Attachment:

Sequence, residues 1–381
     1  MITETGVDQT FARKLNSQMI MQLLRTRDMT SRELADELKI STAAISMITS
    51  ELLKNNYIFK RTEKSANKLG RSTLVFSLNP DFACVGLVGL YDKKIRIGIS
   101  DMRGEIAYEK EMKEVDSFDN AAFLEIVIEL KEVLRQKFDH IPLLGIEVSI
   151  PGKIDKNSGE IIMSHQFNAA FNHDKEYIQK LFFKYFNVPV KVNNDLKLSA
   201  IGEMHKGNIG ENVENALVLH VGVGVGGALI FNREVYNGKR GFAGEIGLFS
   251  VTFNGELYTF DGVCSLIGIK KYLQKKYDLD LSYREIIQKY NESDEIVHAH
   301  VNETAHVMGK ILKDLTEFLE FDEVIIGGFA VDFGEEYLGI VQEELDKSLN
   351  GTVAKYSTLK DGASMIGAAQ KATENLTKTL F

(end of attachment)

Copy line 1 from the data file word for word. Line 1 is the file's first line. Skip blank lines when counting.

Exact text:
Sequence, residues 1–381